1

I would like to be able to pass in what environment when script is run. Like script.sh dev ($dev would populate appropriate URL in curl command in script).
Maybe even print the environment as options to pass?

#!/bin/bash

# Environment/URL
dev=myurl.myco.com
tst=myurl.myco.com
tst02=myurl.myco.com
tst03=myurl.myco.com
qa01=myurl.myco.com

request=`curl -L -k -H 'Content-Type:application/x-www-form-urlencoded' -H 'cache-control:no-cache' -X  https://$tst/bla/bla/bla/bla 2>/dev/null`
  • You could use a case .. esac statement checking the value of a positional parameter such as $1, or you could use a select statement to present a list of options if one is not provided. – DopeGhoti May 14 at 16:26
1

Since you are using Bash, you may leverage associative arrays (introduced in bash-4.0-alpha1).

You can define the script:

#!/bin/bash

declare -A urls

urls[dev]=dev.example.com
urls[tst]=test.example.com

request="$(curl ...  https://"${urls["$1"]}"/foo/bar ...)"

And invoke it as:

script dev

The first positional parameter ($1) will be used as the key for retrieving a URL from the urls array.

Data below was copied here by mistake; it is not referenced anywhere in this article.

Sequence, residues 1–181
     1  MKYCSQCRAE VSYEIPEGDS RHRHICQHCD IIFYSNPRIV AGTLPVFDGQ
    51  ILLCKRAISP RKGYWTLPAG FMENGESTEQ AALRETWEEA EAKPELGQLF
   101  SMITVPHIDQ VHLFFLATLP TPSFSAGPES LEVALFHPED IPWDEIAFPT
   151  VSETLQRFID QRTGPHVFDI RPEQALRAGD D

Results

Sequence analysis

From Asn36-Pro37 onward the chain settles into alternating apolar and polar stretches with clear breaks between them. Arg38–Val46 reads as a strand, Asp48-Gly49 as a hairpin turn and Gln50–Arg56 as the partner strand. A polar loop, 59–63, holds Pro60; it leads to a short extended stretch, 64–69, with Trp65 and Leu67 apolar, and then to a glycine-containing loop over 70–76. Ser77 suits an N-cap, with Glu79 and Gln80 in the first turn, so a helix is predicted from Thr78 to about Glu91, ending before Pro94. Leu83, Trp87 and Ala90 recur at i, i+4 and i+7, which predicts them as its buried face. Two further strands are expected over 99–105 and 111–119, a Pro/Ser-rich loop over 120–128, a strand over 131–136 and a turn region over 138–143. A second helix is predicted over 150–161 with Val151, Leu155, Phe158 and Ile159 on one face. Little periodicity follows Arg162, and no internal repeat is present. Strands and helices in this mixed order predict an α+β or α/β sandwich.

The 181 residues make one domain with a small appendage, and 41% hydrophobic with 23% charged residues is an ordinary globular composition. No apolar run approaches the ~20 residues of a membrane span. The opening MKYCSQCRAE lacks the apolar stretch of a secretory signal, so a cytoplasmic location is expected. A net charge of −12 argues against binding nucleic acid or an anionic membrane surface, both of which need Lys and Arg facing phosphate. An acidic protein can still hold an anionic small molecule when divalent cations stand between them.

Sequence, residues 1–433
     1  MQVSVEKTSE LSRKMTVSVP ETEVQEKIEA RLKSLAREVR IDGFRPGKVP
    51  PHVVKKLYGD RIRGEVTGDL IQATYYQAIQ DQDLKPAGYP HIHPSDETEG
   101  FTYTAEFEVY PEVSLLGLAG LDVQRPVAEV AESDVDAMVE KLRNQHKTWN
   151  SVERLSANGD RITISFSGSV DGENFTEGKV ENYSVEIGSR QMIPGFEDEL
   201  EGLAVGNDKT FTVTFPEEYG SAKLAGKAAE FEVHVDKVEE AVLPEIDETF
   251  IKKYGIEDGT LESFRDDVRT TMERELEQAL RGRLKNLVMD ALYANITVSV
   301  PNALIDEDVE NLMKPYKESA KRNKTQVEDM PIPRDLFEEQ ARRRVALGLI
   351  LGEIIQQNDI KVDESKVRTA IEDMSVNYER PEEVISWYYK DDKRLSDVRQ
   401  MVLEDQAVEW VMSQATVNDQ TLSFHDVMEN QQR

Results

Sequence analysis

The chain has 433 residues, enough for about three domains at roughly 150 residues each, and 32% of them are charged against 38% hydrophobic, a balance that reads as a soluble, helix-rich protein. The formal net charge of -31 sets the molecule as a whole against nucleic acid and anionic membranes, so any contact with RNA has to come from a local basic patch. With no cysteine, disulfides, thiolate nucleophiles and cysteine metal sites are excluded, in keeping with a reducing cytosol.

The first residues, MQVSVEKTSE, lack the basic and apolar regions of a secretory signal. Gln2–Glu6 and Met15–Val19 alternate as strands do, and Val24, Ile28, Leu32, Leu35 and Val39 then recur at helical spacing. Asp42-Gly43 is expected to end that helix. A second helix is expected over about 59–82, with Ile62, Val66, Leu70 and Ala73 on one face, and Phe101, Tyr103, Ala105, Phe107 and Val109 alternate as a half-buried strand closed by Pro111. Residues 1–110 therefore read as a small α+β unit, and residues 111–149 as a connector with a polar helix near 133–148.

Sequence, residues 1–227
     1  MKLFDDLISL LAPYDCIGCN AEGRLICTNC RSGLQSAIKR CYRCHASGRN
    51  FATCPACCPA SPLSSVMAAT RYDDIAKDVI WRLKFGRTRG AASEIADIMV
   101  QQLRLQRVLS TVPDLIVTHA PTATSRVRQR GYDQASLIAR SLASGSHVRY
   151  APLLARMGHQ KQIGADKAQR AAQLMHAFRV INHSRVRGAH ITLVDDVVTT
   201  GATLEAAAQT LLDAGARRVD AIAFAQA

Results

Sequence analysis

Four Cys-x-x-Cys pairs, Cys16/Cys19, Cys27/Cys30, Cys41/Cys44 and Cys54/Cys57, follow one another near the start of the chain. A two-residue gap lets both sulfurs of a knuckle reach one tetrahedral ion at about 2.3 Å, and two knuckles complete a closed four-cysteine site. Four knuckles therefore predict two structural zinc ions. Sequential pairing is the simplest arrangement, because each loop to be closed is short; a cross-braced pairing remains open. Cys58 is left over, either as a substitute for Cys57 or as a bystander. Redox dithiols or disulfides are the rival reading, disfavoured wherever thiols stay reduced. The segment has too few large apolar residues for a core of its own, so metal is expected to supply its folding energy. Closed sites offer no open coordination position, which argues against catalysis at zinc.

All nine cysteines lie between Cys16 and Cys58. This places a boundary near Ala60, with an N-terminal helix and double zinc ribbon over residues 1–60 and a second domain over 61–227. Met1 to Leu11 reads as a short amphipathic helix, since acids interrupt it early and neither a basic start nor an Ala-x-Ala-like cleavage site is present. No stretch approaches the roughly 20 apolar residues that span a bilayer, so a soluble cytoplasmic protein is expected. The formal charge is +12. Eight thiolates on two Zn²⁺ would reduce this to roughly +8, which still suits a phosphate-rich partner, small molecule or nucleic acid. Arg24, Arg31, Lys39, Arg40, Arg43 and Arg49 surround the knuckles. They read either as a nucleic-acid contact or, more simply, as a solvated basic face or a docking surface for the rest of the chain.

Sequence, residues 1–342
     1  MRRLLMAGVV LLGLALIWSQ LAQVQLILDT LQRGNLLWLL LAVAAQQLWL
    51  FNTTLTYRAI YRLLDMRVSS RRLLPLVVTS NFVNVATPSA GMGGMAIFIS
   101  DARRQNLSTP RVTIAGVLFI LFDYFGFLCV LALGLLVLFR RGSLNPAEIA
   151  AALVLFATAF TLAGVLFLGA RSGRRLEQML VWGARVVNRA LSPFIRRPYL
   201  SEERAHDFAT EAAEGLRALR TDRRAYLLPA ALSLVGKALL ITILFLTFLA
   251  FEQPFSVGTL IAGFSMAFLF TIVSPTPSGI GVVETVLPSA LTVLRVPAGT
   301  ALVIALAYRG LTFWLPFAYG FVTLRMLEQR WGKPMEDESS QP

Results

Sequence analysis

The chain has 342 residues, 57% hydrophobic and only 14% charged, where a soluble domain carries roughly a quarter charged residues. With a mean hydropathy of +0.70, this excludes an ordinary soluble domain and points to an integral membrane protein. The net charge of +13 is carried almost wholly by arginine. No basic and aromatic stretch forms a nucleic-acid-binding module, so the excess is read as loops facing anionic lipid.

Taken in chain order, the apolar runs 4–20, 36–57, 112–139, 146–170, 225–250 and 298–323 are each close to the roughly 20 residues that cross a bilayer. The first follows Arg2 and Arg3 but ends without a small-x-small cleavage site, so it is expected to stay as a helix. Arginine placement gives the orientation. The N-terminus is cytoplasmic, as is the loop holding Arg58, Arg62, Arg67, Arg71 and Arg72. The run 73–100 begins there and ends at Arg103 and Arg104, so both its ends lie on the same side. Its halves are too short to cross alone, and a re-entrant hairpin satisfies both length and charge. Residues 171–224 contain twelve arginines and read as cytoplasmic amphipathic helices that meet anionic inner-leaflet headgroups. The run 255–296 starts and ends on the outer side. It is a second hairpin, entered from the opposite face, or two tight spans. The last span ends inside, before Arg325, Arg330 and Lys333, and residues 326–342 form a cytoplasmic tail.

As a (more user friendly) variation, as suggested by DopeGhoti, script may be:

#!/bin/bash

declare -A urls

urls[dev]=dev.example.com
urls[tst]=test.example.com

select opt in "${!urls[@]}"; do
    [ ! -z "$opt" ] && break
done

request="$(curl ... https://"${urls["$opt"]}"/foo/bar ...)"

Which is meant to be invoked as:

script

The select command presents the user with the list of the keys defined for the urls array and ensures that a valid key is chosen.

Finally, as a way to separate concerns, you may store your URLs in a plain text file, here named urlfile, formatted as:

dev dev.example.com
tst test.example.com

and load its content into the script's urls array with a read loop:

#!/bin/bash

declare -A urls

while read -r label url; do
    urls["$label"]="$url"
done <urlfile

select opt in "${!urls[@]}"; do
    [ ! -z "$opt" ] && break
done

request="$(curl ... https://"${urls["$opt"]}"/foo/bar ...)"

Note: even if not necessary, I chose the $(...) command substitution syntax (instead of ` `) because it is generally more versatile.


1 With this commit from 2011. Bash 4.0+ is now widely available.

  • Note that non-numerical indices for shell arrays in bash require bash version 4 or later. – DopeGhoti May 15 at 15:23
  • @DopeGhoti Right, I didn't take the time to search for the version that introduced associative arrays. Question amended, thanks. – fra-san May 15 at 17:43
  • s/Question/Answer/ – fra-san May 16 at 6:59

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